“Nasty brute,” she said to herself, and took aim.  

“Bang!” Her rifle rang out and the brave tumbled from the rigging.  

“Bang!” A second brave slumped in the nets.

As she reloaded, Adams watched nimble figures scramble across the Endeavour’s starboard booms below her. When the hands loosened and dropped wedge-shaped sails into the wind, the airship rocked gently. The pirate ship loomed closer, but held its fire.  

The enemy was too high for the Captain to bring any of Endeavour’s guns into this fight. The heavy cannon were stowed down on the gun deck below the hull. Still, it surprised Adams when she felt the tell-tale lurching of the airship.  

The Captain must have ordered the cannons dropped. The Endeavour had never done that before. Adams grabbed onto the rigging as the Endeavour lurched upwards, relieved of the heavy iron. Surely the Captain didn’t think they could escape?

Then Adams heard the mainspring squeal. Large airscrews whirred to life. The Endeavour’s screws could not spin long, and were rarely used except when docking. But now, the lightened Endeavour lurched forward. Her newly-deployed sails snapped as they became an airbrake to the airscrews’ forward drive. The Endeavour keeled over sharply. Endeavour’s spruce skeleton groaned loudly in protest.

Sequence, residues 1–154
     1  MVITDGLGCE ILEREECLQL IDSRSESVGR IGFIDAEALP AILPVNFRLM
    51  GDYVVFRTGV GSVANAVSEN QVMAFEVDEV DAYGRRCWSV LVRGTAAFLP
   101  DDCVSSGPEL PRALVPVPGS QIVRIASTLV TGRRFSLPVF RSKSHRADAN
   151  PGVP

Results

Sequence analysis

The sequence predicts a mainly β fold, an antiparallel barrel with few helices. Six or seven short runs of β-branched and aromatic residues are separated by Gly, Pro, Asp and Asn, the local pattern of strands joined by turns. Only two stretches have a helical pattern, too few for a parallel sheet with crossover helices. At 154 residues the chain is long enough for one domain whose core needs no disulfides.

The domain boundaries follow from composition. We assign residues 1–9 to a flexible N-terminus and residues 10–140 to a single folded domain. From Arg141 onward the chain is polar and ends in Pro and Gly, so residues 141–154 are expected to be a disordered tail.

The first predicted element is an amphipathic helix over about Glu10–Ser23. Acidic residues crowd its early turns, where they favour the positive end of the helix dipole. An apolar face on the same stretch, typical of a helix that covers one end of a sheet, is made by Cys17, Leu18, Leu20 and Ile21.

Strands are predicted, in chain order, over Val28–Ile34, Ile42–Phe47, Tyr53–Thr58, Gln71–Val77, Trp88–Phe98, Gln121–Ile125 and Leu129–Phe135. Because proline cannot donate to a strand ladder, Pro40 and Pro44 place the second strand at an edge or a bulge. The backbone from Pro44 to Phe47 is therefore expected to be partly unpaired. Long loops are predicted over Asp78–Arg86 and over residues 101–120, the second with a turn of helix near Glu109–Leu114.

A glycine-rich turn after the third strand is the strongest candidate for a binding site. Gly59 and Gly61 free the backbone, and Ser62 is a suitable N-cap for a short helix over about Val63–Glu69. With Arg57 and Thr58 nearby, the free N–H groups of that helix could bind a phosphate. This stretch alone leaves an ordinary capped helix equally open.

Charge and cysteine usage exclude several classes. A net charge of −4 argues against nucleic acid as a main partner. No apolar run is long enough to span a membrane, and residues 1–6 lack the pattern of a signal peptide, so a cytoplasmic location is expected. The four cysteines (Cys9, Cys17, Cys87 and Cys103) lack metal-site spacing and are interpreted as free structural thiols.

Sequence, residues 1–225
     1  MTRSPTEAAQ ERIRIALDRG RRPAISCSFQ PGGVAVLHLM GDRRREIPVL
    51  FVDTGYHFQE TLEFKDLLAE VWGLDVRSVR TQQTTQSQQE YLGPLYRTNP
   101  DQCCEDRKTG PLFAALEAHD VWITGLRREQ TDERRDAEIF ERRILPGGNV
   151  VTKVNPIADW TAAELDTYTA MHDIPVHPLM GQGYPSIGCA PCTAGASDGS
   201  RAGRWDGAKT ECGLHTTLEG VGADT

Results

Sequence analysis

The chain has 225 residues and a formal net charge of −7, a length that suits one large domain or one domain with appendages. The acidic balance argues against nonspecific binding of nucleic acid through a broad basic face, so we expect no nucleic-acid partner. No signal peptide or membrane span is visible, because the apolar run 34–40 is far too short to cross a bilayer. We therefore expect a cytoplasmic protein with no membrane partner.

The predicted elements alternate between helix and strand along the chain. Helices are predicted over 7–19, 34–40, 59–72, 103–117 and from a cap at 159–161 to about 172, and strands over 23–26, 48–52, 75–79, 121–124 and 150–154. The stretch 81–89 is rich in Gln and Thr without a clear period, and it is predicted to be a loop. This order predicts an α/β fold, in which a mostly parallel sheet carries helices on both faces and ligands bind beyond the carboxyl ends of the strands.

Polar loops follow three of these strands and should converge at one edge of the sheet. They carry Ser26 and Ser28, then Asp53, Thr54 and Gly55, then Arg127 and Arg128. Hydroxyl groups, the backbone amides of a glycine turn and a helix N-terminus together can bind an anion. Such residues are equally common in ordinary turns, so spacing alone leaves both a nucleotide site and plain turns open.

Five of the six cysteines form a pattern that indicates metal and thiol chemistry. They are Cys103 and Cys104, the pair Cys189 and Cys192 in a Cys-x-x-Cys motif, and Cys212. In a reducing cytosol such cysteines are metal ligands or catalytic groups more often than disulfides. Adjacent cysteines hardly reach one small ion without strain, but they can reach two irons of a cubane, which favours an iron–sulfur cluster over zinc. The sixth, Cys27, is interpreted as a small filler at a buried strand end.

An airman screamed as she lost her grip on the boom’s ratlines and was catapulted from the end of a spar. A jet of seawater shot from the Endeavour’s ballast bilge, and the Endeavour careened over and up, tilting wildly across the path of the pirate.

Seawater spray drenched Adams as the pirates also began dumping their ballast, but it was too late now.  

The Endeavour stabbed a naked starboard spar directly up through the inflated nose of the pirate’s incoming hull. The pirate ship’s momentum did the rest, impaling one and then a second gas-filled bladder onto the sharp wooden beam. Gas and steam burst out of the pirate ship’s prow.

The Endeavour’s mainmast snapped loudly. Adams and the entire crow’s nest were thrown free. The two airships bounced apart.

Adams fell down into the gray clouds. Her safety line snapped and kicked Adams in the gut. For long seconds, she struggled to convince her lungs to fill with air again. Wreckage and bodies fell around her. The pirate ship fluttered down into the sea in a cloud of broken wood and debris.